emmanuel-amonposah-story1.jpgBrothers and Sisters,

Greetings and many blessings from San Antonio, Texas.

Truthfully, we are living in strange times. Nevertheless, I am humbled by the reality that despite the pandemic, the opportunity to engage in an advanced summer ministry internship through Candler and serve within the Rio Texas Conference’s Mission, Service, & Justice Ministries department in San Antonio was afforded to me.

In terms of my work, the goal of my internship has been to capture insights and perspectives, through interviews, from those involved within the conference and beyond, working in the areas of direct service, hospitality connections, legal support, and advocacy for those seeking asylum. The core theme of these interviews is to answer the following question: “How does one truly welcome the stranger/neighbor from a foreign/distant land?"

These past months that I’ve been in Texas, I’ve conversed with executive directors of non-profit organizations (Mission Border Hope, Justice for Our Neighbors, Laredo Holding Institute), district superintendents of The United Methodist Church, and migrant families across the Texas – Mexico Border. Though most of my work has been from a distance (Zoom), and although I have not visited the border or the people I’ve interviewed in person, I am grateful for the opportunity.

The internship in the context of the pandemic, has, therefore,  been one that has been based on sheer willpower, ingenuity, optimism, and a constant effort and hope to make connections and meaningful conversations, despite the distance and divide that the pandemic has placed on the world: this, I believe, has made us anxious, fearful, and frustrated along the way.

Initially, I felt frustrated and cheated out of my internship, telling myself: “My God, is this what you had planned out for me? is this all that you envisioned for me when you guided my soul to apply for this internship?” God, in my eyes, then, had become a “crappy planner.” I wanted to go out and explore the Rio-Grande Valley, visit migrant camps, cross the border, and so on, but I believed that God did not allow me to do so. BUT I was gravely mistaken for feeling this way. 

I was blaming my “crappy” experience on God, condemning Him for not fashioning the internship in the manner in which I wanted: I wanted an entire meal, but God, at the time, was giving me leftovers! I thought to myself. But the folly that I had fallen into was not having confidence in Him.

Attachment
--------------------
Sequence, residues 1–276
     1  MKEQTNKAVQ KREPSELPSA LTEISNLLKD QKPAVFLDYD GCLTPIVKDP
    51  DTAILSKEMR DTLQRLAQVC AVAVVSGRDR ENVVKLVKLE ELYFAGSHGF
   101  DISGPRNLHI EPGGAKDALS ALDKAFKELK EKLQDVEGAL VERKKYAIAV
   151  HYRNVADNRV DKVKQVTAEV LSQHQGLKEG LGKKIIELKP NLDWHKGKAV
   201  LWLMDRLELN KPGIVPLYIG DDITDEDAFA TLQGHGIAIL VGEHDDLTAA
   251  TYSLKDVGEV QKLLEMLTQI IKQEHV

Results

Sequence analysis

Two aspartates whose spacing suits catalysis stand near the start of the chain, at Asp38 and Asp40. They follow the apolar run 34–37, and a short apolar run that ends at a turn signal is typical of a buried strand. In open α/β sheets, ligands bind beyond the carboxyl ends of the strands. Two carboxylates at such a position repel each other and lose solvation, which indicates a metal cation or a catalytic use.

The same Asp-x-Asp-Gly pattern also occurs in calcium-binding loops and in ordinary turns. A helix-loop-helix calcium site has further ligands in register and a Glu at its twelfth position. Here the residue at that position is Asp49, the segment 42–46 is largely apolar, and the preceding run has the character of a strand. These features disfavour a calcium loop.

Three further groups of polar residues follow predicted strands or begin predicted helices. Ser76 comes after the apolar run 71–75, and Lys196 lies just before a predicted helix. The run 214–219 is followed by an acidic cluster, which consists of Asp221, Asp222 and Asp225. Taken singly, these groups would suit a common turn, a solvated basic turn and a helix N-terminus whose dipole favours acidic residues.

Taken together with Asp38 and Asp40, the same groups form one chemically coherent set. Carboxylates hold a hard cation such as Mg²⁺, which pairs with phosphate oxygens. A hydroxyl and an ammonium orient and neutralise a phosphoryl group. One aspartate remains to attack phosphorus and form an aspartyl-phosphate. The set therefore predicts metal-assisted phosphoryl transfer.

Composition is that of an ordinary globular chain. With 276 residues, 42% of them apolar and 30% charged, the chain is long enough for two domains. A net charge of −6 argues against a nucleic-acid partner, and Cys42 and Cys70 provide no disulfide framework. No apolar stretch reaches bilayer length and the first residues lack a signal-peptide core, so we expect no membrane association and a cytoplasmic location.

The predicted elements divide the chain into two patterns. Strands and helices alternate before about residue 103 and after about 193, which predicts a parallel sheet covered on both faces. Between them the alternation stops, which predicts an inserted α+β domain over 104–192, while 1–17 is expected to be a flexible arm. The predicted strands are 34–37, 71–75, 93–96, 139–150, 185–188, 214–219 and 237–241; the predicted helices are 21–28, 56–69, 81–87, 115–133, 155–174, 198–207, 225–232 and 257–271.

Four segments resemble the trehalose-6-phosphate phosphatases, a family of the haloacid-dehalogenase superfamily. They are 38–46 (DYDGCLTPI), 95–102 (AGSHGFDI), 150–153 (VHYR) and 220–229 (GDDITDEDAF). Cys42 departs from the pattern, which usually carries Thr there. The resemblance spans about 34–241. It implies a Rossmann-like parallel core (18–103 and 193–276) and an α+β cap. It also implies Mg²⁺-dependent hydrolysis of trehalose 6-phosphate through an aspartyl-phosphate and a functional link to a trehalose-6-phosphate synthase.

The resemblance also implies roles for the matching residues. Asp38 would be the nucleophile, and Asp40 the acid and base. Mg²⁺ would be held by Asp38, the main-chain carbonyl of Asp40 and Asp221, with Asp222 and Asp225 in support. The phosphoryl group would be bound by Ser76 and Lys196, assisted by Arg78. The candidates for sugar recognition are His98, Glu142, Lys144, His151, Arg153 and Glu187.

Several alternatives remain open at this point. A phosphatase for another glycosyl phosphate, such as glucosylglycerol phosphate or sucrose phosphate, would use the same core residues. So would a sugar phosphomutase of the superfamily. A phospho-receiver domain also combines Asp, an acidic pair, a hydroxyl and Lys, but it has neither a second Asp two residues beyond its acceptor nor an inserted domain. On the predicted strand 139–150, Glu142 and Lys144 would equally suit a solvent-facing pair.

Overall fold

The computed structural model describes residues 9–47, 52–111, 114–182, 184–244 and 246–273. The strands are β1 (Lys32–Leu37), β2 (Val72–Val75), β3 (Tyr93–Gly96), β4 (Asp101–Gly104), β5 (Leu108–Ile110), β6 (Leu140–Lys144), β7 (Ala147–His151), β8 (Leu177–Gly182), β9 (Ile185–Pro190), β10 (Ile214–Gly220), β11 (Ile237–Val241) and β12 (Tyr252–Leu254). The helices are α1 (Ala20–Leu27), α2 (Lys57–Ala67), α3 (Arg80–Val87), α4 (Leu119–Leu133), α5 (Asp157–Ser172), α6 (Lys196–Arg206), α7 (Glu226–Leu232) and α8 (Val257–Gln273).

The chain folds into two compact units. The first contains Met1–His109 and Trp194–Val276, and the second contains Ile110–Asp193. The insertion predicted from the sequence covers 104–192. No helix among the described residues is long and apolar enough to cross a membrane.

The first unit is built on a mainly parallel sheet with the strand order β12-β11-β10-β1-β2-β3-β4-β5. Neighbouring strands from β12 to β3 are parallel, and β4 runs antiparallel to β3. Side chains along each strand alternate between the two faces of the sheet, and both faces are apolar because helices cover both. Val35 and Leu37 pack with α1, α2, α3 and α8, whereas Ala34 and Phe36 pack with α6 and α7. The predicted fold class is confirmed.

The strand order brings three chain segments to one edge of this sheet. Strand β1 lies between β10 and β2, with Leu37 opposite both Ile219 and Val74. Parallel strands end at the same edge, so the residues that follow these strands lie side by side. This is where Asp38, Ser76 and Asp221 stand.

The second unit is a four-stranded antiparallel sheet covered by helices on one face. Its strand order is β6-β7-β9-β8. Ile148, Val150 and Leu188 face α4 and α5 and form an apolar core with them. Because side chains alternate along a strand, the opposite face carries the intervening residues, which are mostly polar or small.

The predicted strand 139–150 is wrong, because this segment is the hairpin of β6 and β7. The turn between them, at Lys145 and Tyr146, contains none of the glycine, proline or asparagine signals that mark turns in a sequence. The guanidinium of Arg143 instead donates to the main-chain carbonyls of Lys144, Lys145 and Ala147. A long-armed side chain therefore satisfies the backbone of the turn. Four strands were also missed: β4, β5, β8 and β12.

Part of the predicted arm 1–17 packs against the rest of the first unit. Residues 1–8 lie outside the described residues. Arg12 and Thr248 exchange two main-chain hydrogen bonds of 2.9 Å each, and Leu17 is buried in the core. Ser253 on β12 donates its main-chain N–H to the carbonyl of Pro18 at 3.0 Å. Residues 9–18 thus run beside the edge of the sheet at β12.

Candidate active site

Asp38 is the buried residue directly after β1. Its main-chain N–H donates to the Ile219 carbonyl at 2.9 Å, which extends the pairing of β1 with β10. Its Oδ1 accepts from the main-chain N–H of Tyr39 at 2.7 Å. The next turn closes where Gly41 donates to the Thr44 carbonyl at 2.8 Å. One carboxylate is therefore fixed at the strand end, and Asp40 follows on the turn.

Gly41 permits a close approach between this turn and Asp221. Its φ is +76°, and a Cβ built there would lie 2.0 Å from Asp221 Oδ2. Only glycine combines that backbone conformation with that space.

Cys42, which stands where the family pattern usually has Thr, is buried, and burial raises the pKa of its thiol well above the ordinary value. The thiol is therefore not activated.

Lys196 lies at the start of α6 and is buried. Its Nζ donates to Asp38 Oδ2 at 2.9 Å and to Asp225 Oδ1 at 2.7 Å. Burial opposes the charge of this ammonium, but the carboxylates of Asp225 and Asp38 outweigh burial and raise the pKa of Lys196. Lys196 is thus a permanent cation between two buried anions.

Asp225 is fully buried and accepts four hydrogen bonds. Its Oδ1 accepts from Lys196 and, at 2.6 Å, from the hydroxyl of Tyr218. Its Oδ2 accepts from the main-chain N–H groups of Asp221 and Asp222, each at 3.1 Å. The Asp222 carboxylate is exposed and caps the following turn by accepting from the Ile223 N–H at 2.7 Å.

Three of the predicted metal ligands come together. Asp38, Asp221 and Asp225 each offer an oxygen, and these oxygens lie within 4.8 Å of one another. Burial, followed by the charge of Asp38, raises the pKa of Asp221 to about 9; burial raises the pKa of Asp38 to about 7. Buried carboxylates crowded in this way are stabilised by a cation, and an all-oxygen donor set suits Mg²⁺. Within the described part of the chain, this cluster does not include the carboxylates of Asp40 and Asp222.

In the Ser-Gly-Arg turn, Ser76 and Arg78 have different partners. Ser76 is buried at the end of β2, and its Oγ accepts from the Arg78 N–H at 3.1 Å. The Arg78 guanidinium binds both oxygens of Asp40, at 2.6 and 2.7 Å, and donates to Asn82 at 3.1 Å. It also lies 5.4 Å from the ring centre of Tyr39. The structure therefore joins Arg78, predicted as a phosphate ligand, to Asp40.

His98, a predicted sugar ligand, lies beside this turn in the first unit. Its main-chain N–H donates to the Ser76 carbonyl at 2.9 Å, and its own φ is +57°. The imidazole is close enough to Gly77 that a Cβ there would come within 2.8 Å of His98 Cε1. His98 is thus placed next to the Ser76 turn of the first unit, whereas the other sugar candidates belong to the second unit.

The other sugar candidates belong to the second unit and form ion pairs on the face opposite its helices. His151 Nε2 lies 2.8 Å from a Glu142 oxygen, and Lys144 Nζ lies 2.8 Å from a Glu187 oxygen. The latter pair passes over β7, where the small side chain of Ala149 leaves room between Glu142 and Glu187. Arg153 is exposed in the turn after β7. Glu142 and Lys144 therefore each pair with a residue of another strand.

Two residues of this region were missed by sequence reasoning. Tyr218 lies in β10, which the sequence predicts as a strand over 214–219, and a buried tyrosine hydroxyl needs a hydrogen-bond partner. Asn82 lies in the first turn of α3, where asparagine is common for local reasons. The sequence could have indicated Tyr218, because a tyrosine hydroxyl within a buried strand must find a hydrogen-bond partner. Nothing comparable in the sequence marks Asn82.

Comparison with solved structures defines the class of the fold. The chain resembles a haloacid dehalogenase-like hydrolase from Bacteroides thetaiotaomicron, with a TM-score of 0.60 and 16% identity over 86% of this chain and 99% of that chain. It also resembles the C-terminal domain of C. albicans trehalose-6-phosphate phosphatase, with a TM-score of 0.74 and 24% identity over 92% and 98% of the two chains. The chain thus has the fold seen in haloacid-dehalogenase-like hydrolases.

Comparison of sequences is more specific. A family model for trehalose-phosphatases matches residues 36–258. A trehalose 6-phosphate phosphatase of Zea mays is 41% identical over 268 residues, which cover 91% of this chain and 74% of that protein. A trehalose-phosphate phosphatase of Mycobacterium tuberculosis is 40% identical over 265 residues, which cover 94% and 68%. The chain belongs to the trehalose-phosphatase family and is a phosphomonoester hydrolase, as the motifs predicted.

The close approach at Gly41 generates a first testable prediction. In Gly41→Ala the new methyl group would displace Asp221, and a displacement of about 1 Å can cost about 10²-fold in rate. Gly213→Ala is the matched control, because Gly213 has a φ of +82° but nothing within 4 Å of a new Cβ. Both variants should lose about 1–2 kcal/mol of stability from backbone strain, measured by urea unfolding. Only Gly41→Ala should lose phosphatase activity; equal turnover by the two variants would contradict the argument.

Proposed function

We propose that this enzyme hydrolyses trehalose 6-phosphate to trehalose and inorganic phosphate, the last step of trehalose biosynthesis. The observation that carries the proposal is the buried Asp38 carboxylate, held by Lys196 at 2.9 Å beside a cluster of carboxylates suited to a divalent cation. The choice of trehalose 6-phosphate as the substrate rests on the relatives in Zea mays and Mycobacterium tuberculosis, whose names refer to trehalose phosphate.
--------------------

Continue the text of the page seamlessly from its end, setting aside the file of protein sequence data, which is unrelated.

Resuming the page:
So, what did I do to remedy this disposition? I prayed hard, and in what many may consider the “dark night of the soul,” I came to understand that when all hope seemed to be fleeting, when nothing else was there, at least God is with me. He is always everywhere with me. In the dark night of the soul, He was with me, so I need not be worried. I need not be frustrated: I had to realize that GOD expected only from me a plan, a solution to my frustrations and that He expected me to do my part and present something in which HE can manifest himself. Looking at the many interviews and conversations that I’ve conducted and reflecting on their relevance to the Church and the Gospel’s mission, I have since reevaluated my statement that God is a “crappy” planner, to, “God is not a crappy planner.”

emmanuel-amonposah-story2.jpgIndeed, IF THIS IS GOD’S PLAN, THEN GOD IS NOT A CRAPPY PLANNER! Though the virus has been fueled by fear and has made a great many of us selfish, I have come to know that many agree that this pandemic presents an opportunity for God to be a light in the midst of these dark times. However, for this to happen, we must look beyond the concern for our selfish desires and of ourselves and awaken to this opportunity. Verily, It was not until I realized that this pandemic in the context of my internship represented an opportunity to help and reach the migrant and bring about transformation in the hearts of communities, did I fully embrace God’s plan.   

Truthfully, I believe that God brought me to San Antonio so that He could strengthen my identity as a disciple of Jesus Christ, to engage in a dialogue that brings about attention, clarity, and alleviation towards human suffering, and to widen my vision of justice, freedom, and peace in the context of migration, and in the context of my often persecuted neighbor. This plan represents the core values of the Rio Texas Conference’s Mission, Service, & Justice Ministries department, and I believe that I have fully lived up to them. 

Though the pandemic is far from over and you, God, have made the road rough, I believe that you have set your course for us to receive your light eventually! And it is in you that we continue to pray for the healing of our world. Indeed, you will restore the hearts and minds of the people you loved first, because in them, are we saved by your Grace.